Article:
#47 to #6 - anon id: 180088a5
Reply 0 123456789123345869
(07/10/2013) [-]
hi man,
you would benefit from muay thai. You dont need to be a powerhouse or anything, just keep calm and focused. Give as much as you get and put in the hours. ull be kicking down bananna trees in no time (joke dont actually do it)

* started muay thai at 14-22
#19 to #6 - ophir
Reply +2 123456789123345869
(07/09/2013) [-]
I don't really know what 106 pounds compare in kilograms, but I practice Aikido, and I have seen people light, heavy, big, smal, tall and short. The good thing about Aikido is that you don't need much power to practice it. You could check it out, in some ways it can be compared to Jiu-jitsu, but it is a total different thing.
#9 to #6 - killerpotato
Reply +7 123456789123345869
(07/09/2013) [-]
Alright i'm gonna be honest here, I've been there and I think I can help you out. I was never as light as 106 but this time last year I was 135 pounds at 5 foot eight and i was skinny. I managed to reach up to 160 in less than a year and then stopped because i was happy with my weight. You certainly can join a martial art at your weight if you want to but it could be good to bulk up a bit. Now I know you think you're eating a lot but how often are you eating? do you skip breakfast, barely have anything for lunch and then gorge on super? because that won't work at all. My best advice for you is to monitor your calories for a while. Mark down every bit of food you eat and calculate how many calories you have. A great tool for this is a website called fitday. you may realize that you haven't been eating as much as you thought. Also eat every 2 or 3 hours, it doesn't have to be something big but you need to have nutrients being transported to your muscles constantly. If you tend to wake up in the middle of the night to use the bathroom or something, try to have a snack then to, something high in protein and fat but low in sugar. Peanut butter and milk is a good combination. Speaking of milk, drink more of it. none of that low fat stuff either get 3.25% milk and drink at least 4 glasses a day. Trust me you can afford the extra fat, especially if you are a teenager (I'm assuming you are). Try to make the basis of your diet whole foods, but don't shy away from an occasional pizza or burger. At every meal (try for six to eight meals a day) have a quality protein source (beef, chicken, fish, eggs, dairy, legumes) and a good source of carbs (whole grain breads, whole grain pasta's, whole grains, potatoes, sweet potatoes, legumes) as well as some vegetables or fruit. Eat significant amounts of fat as well because saturated and monounsaturated fat can boost testosterone which is very important for gaining muscle.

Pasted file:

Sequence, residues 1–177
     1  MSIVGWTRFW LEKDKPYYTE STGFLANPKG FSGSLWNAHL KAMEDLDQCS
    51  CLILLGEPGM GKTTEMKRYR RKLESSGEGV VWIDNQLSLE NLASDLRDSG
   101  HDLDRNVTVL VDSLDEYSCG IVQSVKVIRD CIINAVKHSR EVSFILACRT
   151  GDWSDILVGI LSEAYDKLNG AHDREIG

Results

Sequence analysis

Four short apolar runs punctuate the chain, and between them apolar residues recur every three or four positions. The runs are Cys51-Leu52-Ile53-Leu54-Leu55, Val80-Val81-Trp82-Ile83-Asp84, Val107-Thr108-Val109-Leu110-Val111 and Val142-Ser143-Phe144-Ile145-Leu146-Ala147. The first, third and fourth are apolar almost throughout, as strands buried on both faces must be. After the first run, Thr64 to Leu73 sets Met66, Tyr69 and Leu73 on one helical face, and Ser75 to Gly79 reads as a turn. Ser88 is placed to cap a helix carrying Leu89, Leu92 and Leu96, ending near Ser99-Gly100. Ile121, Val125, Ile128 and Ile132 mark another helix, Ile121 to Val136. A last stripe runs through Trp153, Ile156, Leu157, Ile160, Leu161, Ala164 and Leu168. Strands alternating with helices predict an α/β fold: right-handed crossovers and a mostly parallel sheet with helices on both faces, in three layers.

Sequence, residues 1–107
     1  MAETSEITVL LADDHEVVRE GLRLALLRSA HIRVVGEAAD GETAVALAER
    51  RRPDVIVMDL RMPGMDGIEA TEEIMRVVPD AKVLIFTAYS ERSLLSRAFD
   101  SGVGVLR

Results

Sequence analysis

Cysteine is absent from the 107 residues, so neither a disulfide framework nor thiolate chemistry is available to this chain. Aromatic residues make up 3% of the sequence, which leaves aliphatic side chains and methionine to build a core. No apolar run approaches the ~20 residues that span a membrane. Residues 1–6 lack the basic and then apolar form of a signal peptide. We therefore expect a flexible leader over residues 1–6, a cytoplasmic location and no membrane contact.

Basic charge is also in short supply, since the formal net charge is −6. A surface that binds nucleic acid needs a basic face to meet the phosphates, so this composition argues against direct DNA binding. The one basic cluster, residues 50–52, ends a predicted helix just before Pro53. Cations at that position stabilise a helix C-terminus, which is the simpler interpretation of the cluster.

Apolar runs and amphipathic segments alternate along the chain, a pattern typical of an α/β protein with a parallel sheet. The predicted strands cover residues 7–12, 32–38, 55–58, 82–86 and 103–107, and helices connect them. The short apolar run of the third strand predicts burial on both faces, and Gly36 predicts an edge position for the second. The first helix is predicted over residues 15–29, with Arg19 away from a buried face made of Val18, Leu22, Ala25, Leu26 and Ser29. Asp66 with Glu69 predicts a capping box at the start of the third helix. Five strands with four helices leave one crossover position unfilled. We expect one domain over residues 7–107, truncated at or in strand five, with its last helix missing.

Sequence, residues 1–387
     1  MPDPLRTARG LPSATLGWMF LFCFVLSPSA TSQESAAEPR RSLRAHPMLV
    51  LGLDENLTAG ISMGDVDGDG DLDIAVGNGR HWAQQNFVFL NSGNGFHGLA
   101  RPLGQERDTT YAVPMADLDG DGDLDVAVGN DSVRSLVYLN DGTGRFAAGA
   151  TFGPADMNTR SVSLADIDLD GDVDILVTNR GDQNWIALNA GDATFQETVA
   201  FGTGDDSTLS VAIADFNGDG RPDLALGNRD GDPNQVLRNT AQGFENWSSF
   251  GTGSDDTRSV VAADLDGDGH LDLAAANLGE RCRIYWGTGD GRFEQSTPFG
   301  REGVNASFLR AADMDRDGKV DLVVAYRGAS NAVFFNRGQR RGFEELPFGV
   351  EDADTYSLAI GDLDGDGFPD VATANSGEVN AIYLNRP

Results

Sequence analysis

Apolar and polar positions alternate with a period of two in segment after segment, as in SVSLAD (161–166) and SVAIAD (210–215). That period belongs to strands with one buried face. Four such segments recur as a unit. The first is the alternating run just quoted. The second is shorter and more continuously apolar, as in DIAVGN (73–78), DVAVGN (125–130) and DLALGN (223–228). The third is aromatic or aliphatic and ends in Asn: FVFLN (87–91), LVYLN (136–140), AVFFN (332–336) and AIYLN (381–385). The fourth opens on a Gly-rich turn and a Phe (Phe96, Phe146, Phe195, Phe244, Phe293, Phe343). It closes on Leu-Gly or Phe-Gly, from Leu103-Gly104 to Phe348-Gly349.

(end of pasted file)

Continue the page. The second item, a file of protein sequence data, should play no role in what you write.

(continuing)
#10 to #9 - killerpotato
Reply +1 123456789123345869
(07/09/2013) [-]
Oh and if you care i originally wanted to gain muscle so i could be stronger in martial arts (just tae kwon do at the time but i'm hoping to get into boxing soon). Also if you really want to gain muscle before starting then hold of on the martial arts for now and get a gym membership. find a partner (preferably experienced) to help you out, keep you motivated and to spot you. To gain mass and strength go with compound exercises like squats, deadlifts, benchpress, overhead press, pull ups, chin ups and other stuff like that. Some of these can be dangerous however if you don't know what you're doing or don't have a partner. So above all else, if you are going to do these exercises, or any weight lifting exercises for that matter, take the time to learn proper form, and you know what you are doing, and you have a partner.I would recommend that you work out with 3 sets of eight for every exercise you do, and don't overwork yourself. Cardio is important for health, but to much will burn a lot of calories, which you don't wan, so keep it to walking half an hour a day and occasionally some light jogging.
#24 to #9 - skybluetroll
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(07/09/2013) [-]